Salary Survey Extra: Deep Focus on CCNA CyberOps

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Salary Survey Extra is a series of dispatches that give added insight into the findings of our annual Salary Survey. These posts contain previously unpublished Salary Survey data.

The name has changed, but CCNA CyberOps will outlive its CCNA brethren.As of Feb. 24 earlier this year, computer networking professionals can no longer earn the Cisco Certified Network Associate (CCNA) CyberOps credential (No. 49 on our most recent Salary Survey 75 list). Unlike the other, now-retired CCNA credentials, however, which went down with ship, CCNA CyberOps will go on and on — instead of being tossed out, it was merely relabeled, the name changed to Cisco Certified CyberOps Associate (CCCA).

Here’s what the salary picture looks like for CCNA CyberOps holders who responded to the Salary Survey:

All U.S. Respondents
Average Annual Salary: $100,290
Median Annual Salary: $83,750
How satisfied are you with your current salary?
Completely Satisfied: 5.9 percent
Very Satisfied: 5.9 percent
Satisfied: 35.9 percent
Not Very Satisfied: 17.6 percent
Not At All Satisfied: 34.7 percent

All Non-U.S. Respondents
Average Annual Salary: $54,190
Median Annual Salary: $30,000
How satisfied are you with your current salary?
Completely Satisfied: [No responses]
Very Satisfied: 12.2 percent
Satisfied: 66.7 percent
Not Very Satisfied: 11.1 percent
Not At All Satisfied: 10 percent

The largest single body of CCNA CyberOps holders to participate in the survey is made up of U.S. residents (65.4 percent of those surveyed), but we also heard from credential holders in seven other countries: Canada, Chile, Italy, Malaysia, the Philippines, Sri Lanka, and the United Kingdom.

Cybersecurity as a profession is largely dominated by men, and that holds true here as well: just 9.4 percent of CCNA CyberOps holders who responded to the survey are women. Almost everyone in the pool of respondents for this credential, whether male or female, is either hitting or has already passed by early middle age, with 34.6 percent of those surveyed between the ages of 35 and 44, 38.5 percent between the ages of 45 and 54, and 7.7 percent between the ages of 55 and 64. The only “young folks” in the equation are the 19.2 percent of respondents between the ages of 25 and 34.

More than 80 percent of CCNA CyberOps holders who responded to the survey have an educational background that includes time spent at a college or university. The highest level of education completed by most CCNA CyberOps holders is either a bachelor’s degree (50 percent of those surveyed), master’s degree (19.2 percent), or associate’s degree (11.5 percent). The outliers are the 11.5 percent of respondents who completed some level of post-high school technical training, the 3.9 percent who exited the realm of formal education after graduating from high school, and the 3.9 percent who are currently students at some level.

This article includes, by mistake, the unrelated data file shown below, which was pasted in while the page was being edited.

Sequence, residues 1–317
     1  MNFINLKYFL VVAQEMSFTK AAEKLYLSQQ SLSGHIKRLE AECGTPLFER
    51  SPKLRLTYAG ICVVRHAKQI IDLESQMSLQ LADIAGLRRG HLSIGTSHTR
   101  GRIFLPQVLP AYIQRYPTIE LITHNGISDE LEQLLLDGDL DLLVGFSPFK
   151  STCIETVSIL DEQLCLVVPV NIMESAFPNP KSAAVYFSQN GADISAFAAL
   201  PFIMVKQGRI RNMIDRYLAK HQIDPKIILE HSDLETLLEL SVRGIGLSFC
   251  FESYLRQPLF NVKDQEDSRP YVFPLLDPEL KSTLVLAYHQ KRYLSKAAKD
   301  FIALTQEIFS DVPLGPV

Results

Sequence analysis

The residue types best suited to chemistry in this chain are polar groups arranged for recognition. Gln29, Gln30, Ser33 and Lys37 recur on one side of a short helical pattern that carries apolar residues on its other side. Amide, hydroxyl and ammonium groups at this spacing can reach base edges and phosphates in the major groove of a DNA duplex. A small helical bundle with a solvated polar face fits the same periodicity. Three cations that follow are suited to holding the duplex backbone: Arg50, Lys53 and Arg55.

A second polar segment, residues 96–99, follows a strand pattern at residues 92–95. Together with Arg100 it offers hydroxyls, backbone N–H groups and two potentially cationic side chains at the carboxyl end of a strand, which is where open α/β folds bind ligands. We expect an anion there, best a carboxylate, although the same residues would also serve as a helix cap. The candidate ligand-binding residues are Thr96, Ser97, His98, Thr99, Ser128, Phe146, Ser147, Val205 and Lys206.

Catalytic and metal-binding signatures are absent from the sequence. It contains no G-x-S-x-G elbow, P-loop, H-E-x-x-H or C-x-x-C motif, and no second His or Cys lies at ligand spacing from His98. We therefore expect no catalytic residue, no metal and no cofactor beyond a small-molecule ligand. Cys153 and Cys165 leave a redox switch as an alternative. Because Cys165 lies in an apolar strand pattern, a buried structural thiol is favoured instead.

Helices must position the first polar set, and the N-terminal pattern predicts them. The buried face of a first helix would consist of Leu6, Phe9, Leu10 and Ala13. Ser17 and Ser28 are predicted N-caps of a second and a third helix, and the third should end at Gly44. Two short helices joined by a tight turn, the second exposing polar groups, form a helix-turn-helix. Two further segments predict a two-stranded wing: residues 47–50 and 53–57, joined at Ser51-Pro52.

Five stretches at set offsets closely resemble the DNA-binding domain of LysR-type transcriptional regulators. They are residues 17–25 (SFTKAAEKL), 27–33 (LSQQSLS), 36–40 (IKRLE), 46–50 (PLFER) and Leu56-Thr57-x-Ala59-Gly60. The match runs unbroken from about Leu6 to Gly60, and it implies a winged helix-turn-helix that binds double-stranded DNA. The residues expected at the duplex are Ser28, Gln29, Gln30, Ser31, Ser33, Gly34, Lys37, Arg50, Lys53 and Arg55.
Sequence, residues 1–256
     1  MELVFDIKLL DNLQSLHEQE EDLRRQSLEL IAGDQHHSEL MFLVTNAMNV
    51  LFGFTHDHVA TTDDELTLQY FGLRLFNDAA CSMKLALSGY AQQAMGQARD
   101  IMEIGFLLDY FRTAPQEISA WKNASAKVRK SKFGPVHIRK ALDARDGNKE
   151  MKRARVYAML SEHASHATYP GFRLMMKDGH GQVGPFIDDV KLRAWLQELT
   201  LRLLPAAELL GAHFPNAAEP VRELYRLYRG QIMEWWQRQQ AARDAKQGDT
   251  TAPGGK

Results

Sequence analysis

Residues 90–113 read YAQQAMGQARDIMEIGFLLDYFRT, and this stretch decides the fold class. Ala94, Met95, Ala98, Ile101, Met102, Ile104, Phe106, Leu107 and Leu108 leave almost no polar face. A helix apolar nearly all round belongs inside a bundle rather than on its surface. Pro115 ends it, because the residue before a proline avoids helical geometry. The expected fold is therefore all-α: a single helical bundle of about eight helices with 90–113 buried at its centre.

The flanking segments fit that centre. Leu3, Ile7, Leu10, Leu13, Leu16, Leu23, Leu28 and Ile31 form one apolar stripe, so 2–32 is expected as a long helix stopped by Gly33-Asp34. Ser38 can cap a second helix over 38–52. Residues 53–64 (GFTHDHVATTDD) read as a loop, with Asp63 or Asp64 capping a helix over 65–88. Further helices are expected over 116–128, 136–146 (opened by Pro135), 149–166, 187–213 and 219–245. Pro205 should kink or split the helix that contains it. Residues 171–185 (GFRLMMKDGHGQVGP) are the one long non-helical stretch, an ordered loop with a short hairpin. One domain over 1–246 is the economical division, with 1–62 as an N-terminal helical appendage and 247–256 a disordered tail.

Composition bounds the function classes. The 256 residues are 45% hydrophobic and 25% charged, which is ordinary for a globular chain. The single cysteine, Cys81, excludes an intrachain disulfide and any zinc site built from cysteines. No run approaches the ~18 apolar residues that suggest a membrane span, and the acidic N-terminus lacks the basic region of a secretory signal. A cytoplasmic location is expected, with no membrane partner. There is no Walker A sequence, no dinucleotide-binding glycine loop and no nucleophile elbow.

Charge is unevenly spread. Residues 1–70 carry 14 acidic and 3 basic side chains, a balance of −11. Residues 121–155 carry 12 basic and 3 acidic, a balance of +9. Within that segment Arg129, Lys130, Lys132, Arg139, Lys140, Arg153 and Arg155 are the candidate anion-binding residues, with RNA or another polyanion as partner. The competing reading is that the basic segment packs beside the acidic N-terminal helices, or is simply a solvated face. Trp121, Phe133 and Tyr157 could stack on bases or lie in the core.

A sturdy 81.3 percent of CCNA CyberOps holders who responded to the survey are employed full-time, with the remaining 18 percent either employed part-time (12.5 percent) or currently in school (6.2 percent). Among those who have full-time jobs, most are at work either between 41 and 50 hours per week (69.2 percent of respondents) or for the standard 40 hours per week. The rest are either overworked, putting in more than 50 hours per week (7.8 percent of respondents) or have a lighter-than-usual schedule of between 31 and 39 hours per week (3.8 percent).

Virtualization in computer networking is probably increasing the possibility of remote work, but a majority of CCNA CyberOps holders still do most of their work in a traditional office setting: 57.7 percent of those surveyed work from home fewer than 10 hours per week. A further 15.4 percent of respondents work from home between 10 and 20 hours per week, while 19.2 percent work from home between 21 and 30 hours per week, and 7.7 percent work from home between 31 and 39 hours per week.

In terms of workplace standing, the largest single group of CCNA CyberOps holders we heard from are either at the senior specialist (25.7 percent of those surveyed) or specialist (also 25.7 percent) level. The rest, in descending order, are either rank-and-file employees (20 percent of respondents), managers (14.3 percent), directors (8.6 percent), or senior managers (5.7 percent).

A notable 51.4 percent of CCNA CyberOps holders who responded to the survey are IT veterans, having worked in a role that directly utilizes one or more of their certified skills for more than a decade. The rest have been plying their certified skills for either between zero years (1 to 11 months) and 2 years (22.9 percent), between 3 and 5 years (8.5 percent), between 6 and 8 years (14.3 percent), or between 9 and 10 years (2.9 percent).

Finally, here’s the view of CCNA CyberOps holders on key questions from the survey about how certification impacts job performance:

At my current job I use skills learned or enhanced through certification: 
Several times a day: 17.1 percent
Several times a week: 60 percent
Several times a month: 17.1 percent
Occasionally: 2.9 percent
Rarely: 2.9 percent

Since becoming certified, I feel there is greater demand for my skills. 
Strongly agree: 40 percent
Agree: 45.7 percent
Neither Agree nor Disagree: 8.6 percent
Disagree: 5.7 percent
Strongly Disagree: [No responses]

Becoming certified has increased my problem-solving skills.
Strongly agree: 34.3 percent
Agree: 40 percent
Neither Agree nor Disagree: 22.9 percent
Disagree: 2.9 percent
Strongly Disagree: [No responses]

Becoming certified has increased my workplace productivity.
Strongly agree: 27.9 percent
Agree: 44.3 percent
Neither Agree nor Disagree: 21.3 percent
Disagree: 1.6 percent
Strongly Disagree: 4.9 percent

PAST CCNA CYBEROPS DEEP FOCUS FEATURES

2019

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